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Bloomberg reports that even as store visits increased 4.8 percent, 147 million US shoppers “spent an average of 3.5 percent less during the post-Thanksgiving Day holiday weekend than a year earlier as retailers slashed prices to lure customers grappling with higher food and energy costs.”

However, another survey, by ShopperTrak RCT Corp., said that retail sales just on Black Friday were up 8.3 percent over a year ago, and on Friday and Saturday combined rose 7.2 percent.

• The Wall Street Journal reports that retail online sales today – known as “Cyber Monday” and said to have the same sort of juice as last week’s “Black Friday” sales did for brick-and-mortar retailers – have become increasingly important and more promotional than ever.

According to the WSJ, “Many consumers shop in stores over the Thanksgiving weekend and then boot up their computers on Monday to do online research, compare prices and seek out deals. While it isn't the biggest online shopping day of the holiday season, the day brings the first increase in Web holiday spending. Last year, Cyber Monday Web sales hit $608 million, up 26% from the same day in 2005, according to comScore Inc., a Reston, Va., market-research company.

“As a result, more merchants are rolling out new sales tactics this year on the Monday after Thanksgiving. Seventy-two percent of online merchants plan Cyber Monday specials this year, up from 43% two years ago…”

• According to a survey, 72.0 million consumers plan to shop online from home or at work on Cyber Monday, up from 60.7 million in 2006 and 59.0 million in 2005. The survey found that 31.9 percent of adults will shop on Cyber Monday, up 17.3 percent over last year (27.2%).

• Meanwhile, the Conference Board has released a report saying that 73 million US households have discretionary income, up from 57 million just five years ago. According to the story, these are pretty significant dollars - $1.7 trillion in total.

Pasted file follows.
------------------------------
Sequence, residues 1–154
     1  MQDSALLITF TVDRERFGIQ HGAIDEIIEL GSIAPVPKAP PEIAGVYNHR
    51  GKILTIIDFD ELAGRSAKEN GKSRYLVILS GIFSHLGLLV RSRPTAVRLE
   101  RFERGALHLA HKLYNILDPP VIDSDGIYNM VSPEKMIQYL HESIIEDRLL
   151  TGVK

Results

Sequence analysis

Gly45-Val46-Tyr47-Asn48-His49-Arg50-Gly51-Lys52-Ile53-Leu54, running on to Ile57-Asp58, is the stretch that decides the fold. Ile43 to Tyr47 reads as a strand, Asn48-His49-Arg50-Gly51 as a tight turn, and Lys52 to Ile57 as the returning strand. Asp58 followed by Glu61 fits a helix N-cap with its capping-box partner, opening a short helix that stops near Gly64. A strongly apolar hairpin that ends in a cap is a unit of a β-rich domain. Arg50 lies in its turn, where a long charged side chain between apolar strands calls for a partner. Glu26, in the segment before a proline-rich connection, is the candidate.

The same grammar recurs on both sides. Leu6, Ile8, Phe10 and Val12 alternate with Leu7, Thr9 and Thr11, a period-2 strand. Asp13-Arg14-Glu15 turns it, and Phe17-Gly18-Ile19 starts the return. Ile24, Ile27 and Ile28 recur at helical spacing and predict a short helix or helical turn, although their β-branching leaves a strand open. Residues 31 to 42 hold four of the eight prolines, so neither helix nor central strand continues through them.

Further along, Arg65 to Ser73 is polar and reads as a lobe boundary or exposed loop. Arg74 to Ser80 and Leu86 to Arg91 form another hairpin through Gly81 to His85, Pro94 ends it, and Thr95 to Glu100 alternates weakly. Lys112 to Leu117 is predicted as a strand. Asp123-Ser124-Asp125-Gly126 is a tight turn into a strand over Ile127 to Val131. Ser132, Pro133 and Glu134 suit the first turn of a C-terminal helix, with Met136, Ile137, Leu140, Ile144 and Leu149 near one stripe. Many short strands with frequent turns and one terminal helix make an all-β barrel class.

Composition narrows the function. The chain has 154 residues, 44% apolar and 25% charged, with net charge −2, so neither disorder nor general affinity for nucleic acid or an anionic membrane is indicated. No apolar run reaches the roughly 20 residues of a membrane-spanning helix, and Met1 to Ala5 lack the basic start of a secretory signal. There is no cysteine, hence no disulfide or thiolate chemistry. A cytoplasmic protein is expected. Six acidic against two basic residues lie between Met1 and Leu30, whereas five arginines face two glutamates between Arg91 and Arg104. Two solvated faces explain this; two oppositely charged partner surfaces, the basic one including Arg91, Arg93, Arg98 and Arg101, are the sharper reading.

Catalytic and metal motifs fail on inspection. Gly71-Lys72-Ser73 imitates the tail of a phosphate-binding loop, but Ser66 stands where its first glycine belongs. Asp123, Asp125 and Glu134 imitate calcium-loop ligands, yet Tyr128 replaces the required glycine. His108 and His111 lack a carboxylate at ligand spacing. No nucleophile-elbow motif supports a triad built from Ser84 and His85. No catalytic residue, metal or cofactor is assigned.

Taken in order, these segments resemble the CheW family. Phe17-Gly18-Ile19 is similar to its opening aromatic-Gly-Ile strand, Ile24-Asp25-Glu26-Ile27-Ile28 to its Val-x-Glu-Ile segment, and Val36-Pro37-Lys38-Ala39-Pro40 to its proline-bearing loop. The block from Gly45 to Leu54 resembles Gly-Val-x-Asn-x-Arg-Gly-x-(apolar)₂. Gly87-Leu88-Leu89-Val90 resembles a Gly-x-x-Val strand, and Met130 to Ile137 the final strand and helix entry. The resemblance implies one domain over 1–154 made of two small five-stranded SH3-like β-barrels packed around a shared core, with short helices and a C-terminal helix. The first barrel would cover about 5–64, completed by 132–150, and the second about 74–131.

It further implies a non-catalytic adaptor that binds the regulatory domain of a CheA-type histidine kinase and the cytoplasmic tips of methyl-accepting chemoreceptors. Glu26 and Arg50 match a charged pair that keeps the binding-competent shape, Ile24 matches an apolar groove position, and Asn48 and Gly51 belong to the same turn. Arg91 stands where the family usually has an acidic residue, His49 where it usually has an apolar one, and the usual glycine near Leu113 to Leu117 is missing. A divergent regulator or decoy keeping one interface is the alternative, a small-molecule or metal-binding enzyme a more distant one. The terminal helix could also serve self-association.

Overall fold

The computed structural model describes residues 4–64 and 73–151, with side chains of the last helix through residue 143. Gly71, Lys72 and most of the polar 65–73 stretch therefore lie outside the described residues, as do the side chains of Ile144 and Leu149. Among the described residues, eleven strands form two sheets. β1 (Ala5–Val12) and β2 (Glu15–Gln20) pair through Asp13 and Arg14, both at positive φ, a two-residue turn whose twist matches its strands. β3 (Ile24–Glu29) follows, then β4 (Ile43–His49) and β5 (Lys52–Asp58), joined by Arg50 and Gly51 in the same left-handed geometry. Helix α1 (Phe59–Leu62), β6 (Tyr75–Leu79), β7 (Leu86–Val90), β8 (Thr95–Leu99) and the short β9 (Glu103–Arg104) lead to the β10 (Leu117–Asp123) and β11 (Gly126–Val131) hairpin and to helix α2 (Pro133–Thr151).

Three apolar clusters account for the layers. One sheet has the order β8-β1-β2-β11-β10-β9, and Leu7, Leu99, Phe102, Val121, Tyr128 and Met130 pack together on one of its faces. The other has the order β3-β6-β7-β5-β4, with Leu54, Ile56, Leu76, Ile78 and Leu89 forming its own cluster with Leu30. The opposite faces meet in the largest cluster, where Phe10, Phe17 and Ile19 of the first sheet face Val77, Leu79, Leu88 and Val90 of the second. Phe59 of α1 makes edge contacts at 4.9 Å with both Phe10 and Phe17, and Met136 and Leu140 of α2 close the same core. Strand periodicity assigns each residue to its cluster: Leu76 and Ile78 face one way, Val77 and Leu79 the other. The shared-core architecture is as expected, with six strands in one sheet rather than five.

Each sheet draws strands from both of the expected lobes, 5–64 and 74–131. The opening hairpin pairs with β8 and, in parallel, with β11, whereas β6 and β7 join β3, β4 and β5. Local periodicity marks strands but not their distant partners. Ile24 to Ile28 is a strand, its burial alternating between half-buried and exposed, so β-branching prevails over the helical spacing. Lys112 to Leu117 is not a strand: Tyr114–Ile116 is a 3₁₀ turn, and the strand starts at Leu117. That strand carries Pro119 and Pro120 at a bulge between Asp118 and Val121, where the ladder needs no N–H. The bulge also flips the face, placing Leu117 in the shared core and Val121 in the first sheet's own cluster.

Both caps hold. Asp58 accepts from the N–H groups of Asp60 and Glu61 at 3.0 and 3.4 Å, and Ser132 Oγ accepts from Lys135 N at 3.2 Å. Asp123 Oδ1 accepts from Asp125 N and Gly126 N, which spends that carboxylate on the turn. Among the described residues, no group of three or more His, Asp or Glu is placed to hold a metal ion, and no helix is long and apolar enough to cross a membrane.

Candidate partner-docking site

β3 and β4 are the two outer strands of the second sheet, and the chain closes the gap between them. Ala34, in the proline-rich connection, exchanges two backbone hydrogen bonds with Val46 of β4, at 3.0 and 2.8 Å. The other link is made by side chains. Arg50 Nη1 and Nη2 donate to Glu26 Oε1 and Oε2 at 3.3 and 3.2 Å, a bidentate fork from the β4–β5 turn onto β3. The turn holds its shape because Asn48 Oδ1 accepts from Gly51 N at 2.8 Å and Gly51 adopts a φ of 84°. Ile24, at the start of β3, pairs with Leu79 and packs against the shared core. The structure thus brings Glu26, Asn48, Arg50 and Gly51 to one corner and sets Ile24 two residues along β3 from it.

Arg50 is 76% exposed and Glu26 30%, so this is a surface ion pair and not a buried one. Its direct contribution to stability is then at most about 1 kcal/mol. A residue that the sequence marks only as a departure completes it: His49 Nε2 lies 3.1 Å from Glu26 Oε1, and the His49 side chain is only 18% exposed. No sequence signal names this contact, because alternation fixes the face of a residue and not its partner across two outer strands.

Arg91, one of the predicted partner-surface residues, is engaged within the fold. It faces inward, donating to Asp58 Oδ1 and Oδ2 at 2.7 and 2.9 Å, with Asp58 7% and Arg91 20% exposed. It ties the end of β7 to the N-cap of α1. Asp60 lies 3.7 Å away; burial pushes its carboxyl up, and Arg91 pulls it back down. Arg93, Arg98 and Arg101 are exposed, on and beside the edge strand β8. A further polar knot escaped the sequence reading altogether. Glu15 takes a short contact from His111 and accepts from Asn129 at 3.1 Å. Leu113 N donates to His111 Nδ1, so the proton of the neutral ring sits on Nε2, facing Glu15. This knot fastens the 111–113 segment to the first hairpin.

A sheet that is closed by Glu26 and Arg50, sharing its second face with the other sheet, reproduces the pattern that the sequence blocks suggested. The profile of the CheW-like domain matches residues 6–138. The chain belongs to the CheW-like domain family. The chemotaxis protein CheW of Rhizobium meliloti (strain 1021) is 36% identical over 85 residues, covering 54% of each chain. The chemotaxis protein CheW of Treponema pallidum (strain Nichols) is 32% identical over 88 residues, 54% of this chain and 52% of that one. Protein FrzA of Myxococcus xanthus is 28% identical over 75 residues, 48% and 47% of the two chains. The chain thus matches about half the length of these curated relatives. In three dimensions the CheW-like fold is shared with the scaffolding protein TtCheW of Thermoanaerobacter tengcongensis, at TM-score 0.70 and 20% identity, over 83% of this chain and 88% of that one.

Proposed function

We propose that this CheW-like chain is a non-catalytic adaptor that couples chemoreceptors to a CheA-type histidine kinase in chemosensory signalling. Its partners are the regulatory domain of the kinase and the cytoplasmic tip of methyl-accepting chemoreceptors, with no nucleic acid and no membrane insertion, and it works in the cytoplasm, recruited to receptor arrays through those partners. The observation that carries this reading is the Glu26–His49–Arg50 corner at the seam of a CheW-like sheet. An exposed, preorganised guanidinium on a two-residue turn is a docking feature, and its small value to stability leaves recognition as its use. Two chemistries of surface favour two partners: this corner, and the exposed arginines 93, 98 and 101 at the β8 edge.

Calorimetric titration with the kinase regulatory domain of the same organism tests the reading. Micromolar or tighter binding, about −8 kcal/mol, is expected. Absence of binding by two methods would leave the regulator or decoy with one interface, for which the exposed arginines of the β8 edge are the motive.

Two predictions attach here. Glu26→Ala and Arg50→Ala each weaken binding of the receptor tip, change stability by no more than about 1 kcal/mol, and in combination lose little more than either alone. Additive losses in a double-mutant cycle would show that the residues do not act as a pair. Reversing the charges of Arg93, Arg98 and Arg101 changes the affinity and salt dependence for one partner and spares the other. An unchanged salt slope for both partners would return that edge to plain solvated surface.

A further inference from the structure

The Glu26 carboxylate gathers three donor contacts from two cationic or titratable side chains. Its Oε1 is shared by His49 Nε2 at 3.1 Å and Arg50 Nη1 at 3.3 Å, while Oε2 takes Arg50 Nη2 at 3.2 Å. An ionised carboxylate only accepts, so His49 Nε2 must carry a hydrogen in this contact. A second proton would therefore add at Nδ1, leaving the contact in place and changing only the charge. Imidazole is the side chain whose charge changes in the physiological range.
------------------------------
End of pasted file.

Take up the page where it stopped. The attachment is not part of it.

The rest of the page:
However, the news isn’t good for everyone. More than 75 percent of all discretionary income is held by households earning more than $100,000, and New England is the region of the country with the greatest number of households having discretionary income. Household discretionary income is lowest in the West North Central region, defined as Iowa, Kansas, Minnesota, Missouri, Nebraska, North Dakota and South Dakota.

Households with earnings under $50,000 account for just three percent of the nation’s discretionary income.

KC's View:
It is hard to imagine that the coming holiday shopping season is going to be any kind of noteworthy success, especially since Americans will be reminded of economic realities every time they go to the gas pump or pay the heating bills for their houses. Most people are going to be looking for deals wherever and whenever possible, and I suspect that this impulse will become stronger as he end of December grows closer. That means that retailers will be forced to cut prices and margins to get people into the stores to stave off disaster.